Four training sessions were given to 41 members of the RCMP who were deployed to Colombia, the International Criminal Court (ICC) in The Hague, Mali, Haiti, the DRC, the Occupied Palestinian Territories and Ukraine

Three children’s rights training guides have been developed for personnel deployed on peace-keeping missions. They cover the following topics:

• International standards for child protection in emergency situations

• Coordination mechanisms among actors in the protection system

• Mechanisms for monitoring and reporting grave violations against children in situations of armed conflict

Our Multi-Year Initiatives for Nationwide Change




Costa Rica




Ivory Coast




40 • IBCR ANNUAL REPORT • 2020-2021
Burkina Faso DRC

Six Years Creating More Child-Friendly Environments Within the Country’s Social Services, Justice and Security Sectors

In 2015, the IBCR initiated a project in Burkina Faso with a great ambition: to place the best interests of the child at the heart of all decisions that concern them, enabling them to grow up in an environment conducive to healthy development and be better protected if they come into contact with the justice system in any form.

After six years of joint action by the IBCR and Burkinabe child protection institutions, real progress has been made. Various professional bodies within the defence and security forces, the justice system and the social services sector are now aware of their role in child protection, both in their work and in their daily lives. By developing and reviewing practical tools that clarify and standardise the roles, procedures and best practices of each profession involved in child protection, and by integrating programmes into vocational schools specifically designed to develop child rights-related skills, the project has enabled these professionals—both men and women—to change their practices, attitudes and skills in better service to children and their rights.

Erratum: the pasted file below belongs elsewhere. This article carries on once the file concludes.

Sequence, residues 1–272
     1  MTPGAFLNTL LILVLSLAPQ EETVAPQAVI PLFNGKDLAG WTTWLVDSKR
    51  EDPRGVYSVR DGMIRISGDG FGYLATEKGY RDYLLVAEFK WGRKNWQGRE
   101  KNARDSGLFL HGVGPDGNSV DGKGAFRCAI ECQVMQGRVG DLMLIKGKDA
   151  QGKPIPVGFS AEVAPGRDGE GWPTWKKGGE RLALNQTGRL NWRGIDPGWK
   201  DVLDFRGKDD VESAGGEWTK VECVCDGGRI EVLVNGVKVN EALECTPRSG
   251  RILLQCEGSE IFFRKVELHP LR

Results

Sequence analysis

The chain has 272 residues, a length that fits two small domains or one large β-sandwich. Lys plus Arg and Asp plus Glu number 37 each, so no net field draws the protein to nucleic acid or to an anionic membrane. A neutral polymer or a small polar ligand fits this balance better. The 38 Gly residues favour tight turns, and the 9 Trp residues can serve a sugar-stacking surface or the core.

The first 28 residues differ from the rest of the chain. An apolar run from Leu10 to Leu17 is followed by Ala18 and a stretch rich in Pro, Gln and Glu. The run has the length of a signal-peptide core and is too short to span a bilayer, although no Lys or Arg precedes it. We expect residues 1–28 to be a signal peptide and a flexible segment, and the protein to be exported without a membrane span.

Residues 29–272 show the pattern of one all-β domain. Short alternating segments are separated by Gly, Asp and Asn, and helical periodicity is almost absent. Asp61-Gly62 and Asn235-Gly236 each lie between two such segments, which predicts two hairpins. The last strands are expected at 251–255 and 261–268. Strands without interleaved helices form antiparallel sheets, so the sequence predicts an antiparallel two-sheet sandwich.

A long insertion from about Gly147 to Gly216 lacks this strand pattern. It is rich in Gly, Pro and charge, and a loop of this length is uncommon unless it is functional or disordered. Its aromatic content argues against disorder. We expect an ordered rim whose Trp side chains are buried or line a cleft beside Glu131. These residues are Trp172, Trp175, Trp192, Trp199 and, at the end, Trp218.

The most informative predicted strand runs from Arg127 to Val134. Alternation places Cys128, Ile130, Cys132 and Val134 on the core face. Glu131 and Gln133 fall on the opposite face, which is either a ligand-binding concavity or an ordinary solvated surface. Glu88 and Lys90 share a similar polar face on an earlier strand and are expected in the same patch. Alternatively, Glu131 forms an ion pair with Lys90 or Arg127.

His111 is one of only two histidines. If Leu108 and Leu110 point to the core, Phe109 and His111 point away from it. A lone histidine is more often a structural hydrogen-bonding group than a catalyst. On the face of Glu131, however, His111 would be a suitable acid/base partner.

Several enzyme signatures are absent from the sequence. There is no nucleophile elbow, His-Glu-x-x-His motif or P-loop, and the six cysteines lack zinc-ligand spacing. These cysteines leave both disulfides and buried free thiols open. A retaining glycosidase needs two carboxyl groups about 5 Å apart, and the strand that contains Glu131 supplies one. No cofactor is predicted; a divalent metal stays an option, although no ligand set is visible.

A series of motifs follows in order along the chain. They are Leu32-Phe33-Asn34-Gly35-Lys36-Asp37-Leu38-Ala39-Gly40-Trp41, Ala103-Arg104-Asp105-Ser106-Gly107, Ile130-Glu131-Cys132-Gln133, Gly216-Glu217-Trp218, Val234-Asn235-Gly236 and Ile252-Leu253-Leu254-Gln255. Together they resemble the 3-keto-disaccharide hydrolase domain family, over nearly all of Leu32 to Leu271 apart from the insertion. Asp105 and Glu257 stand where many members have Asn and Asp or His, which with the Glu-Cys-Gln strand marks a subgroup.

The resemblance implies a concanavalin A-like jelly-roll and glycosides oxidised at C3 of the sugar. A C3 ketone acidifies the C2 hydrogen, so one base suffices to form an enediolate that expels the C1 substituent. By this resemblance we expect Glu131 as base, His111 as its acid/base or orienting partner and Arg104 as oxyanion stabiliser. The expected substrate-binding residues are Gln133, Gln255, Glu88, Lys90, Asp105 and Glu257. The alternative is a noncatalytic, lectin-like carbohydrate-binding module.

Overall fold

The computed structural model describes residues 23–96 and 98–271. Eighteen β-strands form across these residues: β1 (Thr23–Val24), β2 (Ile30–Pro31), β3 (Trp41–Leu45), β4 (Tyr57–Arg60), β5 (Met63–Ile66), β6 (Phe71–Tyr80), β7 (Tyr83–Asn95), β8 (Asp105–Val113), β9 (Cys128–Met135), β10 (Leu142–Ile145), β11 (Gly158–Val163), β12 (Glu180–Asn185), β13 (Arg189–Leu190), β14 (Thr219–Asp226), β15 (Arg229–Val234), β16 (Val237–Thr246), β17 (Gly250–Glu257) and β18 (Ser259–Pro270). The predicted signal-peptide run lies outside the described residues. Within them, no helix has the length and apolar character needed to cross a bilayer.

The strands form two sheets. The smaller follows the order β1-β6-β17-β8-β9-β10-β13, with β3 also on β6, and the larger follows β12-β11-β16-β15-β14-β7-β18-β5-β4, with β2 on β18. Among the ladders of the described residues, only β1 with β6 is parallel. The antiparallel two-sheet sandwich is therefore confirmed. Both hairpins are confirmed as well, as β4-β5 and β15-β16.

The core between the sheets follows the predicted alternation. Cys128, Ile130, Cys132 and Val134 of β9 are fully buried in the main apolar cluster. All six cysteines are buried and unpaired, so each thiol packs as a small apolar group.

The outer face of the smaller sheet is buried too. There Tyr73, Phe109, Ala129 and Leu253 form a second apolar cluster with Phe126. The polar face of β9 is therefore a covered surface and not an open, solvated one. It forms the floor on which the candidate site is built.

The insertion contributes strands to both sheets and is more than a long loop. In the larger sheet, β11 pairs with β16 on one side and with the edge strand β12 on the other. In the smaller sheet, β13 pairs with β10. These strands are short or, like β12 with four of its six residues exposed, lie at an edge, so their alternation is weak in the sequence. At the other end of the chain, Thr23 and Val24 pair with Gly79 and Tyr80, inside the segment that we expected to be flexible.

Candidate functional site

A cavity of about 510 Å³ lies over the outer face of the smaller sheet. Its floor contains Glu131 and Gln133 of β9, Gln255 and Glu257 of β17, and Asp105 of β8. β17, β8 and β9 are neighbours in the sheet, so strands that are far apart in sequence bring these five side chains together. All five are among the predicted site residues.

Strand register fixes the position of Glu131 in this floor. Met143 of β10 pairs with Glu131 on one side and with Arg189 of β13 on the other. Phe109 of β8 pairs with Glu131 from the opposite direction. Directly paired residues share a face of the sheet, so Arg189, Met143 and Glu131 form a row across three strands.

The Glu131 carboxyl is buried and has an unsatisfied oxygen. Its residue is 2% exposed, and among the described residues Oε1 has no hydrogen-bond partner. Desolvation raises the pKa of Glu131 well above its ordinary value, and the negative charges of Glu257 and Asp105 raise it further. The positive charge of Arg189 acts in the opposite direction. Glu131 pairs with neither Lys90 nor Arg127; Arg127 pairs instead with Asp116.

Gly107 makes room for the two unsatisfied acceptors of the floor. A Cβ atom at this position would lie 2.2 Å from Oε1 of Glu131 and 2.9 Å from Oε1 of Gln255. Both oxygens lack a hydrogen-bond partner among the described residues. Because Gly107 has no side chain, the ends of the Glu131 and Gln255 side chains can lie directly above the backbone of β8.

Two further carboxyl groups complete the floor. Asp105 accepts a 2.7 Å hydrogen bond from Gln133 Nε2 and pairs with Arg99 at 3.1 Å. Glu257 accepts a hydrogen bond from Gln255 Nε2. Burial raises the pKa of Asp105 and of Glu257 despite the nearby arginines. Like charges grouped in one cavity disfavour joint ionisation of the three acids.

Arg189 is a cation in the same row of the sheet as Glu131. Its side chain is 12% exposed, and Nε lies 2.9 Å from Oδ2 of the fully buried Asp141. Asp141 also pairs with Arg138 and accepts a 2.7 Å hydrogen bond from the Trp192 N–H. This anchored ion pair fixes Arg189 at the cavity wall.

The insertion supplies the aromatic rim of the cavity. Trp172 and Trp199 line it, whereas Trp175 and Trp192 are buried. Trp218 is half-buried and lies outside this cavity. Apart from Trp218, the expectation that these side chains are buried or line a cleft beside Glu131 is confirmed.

As this project comes to an end, the statistics and testimonies confirm that those working in the police, gendarmerie, justice, prison security and social service sectors are now better equipped and trained to listen, guide and protect Burkina Faso’s children.

The will, conviction and involvement of the actors in this project have led to real progress, creating a healthier environment for the children of Burkina Faso that respects their rights.

IBCR ANNUAL REPORT • 2020-2021 • 41
From top to bottom: › Dissemination of the Standard Operating Procedure for the defence and security forces, 2020 › Members of the Children’s Parliament at the project’s closing workshop, January 2021


7,759 professionals, including 835 women, have been sensitised and trained in children’s rights and best practices in child protection in Burkina Faso, and have received the appropriate tools

Read more about the outcomes of the Burkina Faso project in the dedicated brochure, on (only available in French)

17,466 professionals have indirectly benefited from the project’s actions and are now better equipped to protect children

100 % of the stakeholders interviewed during the project activities now offer services that are more respectful of the principles of child protection and participation, across all sectors

A total of 295 mandatory, evaluated training hours on children’s rights and child-friendly practices have been incorporated into the professional training curricula for the police, gendarmerie, social services, judiciary and prison security sectors on a permanent basis

270 people, including 54 women, have been trained and certified to deliver the new courses introduced by the project in the various associated training schools